OGA, FOL and FEAR
O.G.A. = Online Go Anxiety
F.O.L. = Fear of Losing
F.E.A.R. = False Expectations Appearing Real
There have been at least three of you who had related to me that you suffer from OGA, or Online Go Anxiety. You have no trouble playing in real life, face to face with your opponent, but you find it very difficult (even nerve-wracking) to play on a real-time online Go server like KGS.
I've been playing seriously for less than a year and I can still remember that I was afflicted with a bad case of OGA during my first weeks. I believe that OGA is a superset of FOL (fear of losing), and that FOL is caused by FEAR (false expectations appearing real). Most of us eventually overcome OGA and maybe this post will help accelerate the process for some of you that might have it.
Transparency and Unfamiliarity are probably two causal categories for OGA.
Here are four elements of transparency which can drive FEAR when playing online.
- Your match can be viewed by several people all around the world. - At any moment, your friends, rivals, or teachers can pop into your match and see how you're playing. On KGS, TheCaptain (4D) will often have as little as sixty observers watching his game.
- All of your games are recorded and some servers make these public. - In real life, you play a game and its history tends to vanish into the ether after the game ends. Online, your transparency doesn't end after the match is over. On KGS for example, everyone can access your past games and play them back, stone-by-stone, in all their glory as you march towards victory ... or defeat.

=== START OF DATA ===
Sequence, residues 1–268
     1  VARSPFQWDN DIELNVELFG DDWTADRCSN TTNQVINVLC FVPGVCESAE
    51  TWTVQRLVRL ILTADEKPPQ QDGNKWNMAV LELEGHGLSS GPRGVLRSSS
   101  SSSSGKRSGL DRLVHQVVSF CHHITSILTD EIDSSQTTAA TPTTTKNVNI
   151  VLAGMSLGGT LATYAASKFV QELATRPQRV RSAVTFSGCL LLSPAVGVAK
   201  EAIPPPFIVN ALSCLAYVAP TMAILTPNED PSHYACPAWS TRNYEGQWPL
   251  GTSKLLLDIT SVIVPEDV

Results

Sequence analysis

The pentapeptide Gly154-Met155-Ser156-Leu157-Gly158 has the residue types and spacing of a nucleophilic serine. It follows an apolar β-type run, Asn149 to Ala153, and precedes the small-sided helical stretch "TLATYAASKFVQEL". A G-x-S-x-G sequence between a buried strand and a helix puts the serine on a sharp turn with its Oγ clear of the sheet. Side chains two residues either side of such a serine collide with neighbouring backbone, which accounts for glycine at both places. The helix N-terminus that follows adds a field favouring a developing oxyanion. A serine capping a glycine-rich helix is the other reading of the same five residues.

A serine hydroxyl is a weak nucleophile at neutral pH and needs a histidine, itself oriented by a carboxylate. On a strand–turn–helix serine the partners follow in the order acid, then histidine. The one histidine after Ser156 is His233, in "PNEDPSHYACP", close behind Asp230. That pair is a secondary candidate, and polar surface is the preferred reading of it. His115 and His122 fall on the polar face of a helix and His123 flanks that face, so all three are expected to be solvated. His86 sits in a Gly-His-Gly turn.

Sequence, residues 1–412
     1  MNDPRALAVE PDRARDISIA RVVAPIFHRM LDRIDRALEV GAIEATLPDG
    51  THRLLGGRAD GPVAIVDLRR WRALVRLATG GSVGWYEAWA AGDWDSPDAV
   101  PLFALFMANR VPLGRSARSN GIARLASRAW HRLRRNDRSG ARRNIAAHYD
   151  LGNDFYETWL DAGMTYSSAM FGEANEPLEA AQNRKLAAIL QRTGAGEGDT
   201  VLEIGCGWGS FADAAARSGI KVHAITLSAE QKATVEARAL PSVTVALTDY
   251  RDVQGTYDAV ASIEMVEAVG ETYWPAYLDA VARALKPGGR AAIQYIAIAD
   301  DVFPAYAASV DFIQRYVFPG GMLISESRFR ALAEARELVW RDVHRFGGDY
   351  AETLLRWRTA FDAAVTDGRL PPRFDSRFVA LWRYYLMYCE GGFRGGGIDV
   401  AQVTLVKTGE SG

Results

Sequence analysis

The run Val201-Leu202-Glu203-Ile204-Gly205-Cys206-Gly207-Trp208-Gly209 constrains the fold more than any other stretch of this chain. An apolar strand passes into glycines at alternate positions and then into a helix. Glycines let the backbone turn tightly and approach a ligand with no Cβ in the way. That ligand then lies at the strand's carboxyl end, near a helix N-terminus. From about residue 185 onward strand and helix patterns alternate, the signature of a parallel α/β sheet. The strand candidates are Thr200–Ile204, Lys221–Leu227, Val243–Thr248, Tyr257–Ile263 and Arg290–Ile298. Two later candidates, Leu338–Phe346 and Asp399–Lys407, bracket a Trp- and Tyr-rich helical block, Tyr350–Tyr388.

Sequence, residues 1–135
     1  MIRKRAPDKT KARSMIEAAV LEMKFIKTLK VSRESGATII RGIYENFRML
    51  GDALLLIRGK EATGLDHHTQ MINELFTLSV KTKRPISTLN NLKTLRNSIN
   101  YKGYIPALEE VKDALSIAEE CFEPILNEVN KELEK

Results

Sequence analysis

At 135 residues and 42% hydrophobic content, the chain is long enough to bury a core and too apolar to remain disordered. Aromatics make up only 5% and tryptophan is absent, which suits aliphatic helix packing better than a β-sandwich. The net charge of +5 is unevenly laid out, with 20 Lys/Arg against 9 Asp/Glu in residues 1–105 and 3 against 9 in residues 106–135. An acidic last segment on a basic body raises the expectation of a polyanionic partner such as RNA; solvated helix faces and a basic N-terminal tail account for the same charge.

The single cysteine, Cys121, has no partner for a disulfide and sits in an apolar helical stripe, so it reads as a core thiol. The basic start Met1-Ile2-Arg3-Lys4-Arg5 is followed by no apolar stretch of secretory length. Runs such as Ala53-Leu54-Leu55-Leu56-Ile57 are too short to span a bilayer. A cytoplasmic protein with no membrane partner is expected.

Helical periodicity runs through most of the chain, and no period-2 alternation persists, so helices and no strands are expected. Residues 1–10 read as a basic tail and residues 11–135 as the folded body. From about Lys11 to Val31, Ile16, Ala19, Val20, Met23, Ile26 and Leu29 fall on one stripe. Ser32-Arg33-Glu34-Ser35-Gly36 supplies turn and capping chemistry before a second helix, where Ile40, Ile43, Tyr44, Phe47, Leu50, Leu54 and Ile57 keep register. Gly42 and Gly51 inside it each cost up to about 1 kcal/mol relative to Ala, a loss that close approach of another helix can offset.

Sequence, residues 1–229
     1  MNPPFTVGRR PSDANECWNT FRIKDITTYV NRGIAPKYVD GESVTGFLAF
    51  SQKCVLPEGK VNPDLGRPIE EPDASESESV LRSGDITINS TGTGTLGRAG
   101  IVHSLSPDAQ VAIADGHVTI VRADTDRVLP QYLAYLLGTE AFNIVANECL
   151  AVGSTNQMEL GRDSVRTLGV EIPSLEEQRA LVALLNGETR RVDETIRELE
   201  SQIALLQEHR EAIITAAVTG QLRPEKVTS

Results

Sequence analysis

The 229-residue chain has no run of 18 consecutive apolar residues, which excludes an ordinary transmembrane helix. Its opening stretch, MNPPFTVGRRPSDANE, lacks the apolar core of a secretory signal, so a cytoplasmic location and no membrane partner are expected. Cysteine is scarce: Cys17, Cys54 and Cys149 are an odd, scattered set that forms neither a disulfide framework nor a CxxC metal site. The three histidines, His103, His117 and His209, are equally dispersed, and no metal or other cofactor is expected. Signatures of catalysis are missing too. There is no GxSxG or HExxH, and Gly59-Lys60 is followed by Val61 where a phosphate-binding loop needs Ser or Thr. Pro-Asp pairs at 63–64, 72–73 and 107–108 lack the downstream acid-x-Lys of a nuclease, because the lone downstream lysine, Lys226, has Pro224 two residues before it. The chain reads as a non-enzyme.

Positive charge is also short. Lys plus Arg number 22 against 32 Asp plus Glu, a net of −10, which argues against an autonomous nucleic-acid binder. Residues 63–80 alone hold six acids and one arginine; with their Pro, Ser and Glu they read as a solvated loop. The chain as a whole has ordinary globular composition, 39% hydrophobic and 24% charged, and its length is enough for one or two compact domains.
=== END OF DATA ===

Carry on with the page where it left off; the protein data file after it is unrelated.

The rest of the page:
- Your rank is automatically updated by the server based on your wins and losses. - Proud of your rank? You're 20k today but what if you hit a string of losses? You think you're 17k? Will you be able to prove it in the online arena? Are you afraid of seeing your rank knocked down by a stone? Maybe two stones?
- Your rank and/or your win-loss ratio is public knowledge unless you choose to obscure it or, as is allowed on some servers, reset it. - KGS maintains a rank chart which is publicly accessible. Everyone can see how you've progressed, or not progressed, over time. IGS shows your win/loss count although you can reset it to zero.
And the rest of the Go-playing community? Think about how many there are of us in the kyu ranks. Until we even get to the dans, we're a-dime-a-dozen. In a nutshell, kyus fly under the radar and can focus on enjoying their gradual growth.
What about comparing your progress to others or to some "standard"? The simple fact is that we all have different abilities, resources and life circumstances and the combination of those three will dictate how fast we can advance.
When you play online, especially as a beginner, you will be playing mostly with strangers. Often, all you will know about your opponent is their name and their rank.
Some players will provide an avatar, a visual representation of themselves, but that can be of no help either.
Above is a montage of nine avatars taken from Kiseido Go Server. Depending on your tastes, some of these images may beckon and some may repulse. Three are friends, one is a former opponent and the rest were pulled randomly. Can you tell which? Are you sure? Who would you like to play with?
On top of that, we're divorced from the pleasantries of a good, full person-to-person interaction. Your opponent may not even choose to be polite by at least saying "Hello" and "Thank you" before and after the match. Some opponents can even be anti-social.
But just like in real life, we can choose who we play against. You're not obligated to accept every challenge to a match. On KGS, I prefer to examine a challenger's profile to at least check if they might be a potential escaper or a sandbagger. If there's anything that makes me uncomfortable, I can always turn down the challenge.
By and large, however, I've found my past opponents to be enjoyable, cordial and even helpful during the post-game reviews. Sometimes, all it takes is to remember that there's a real person on the other end.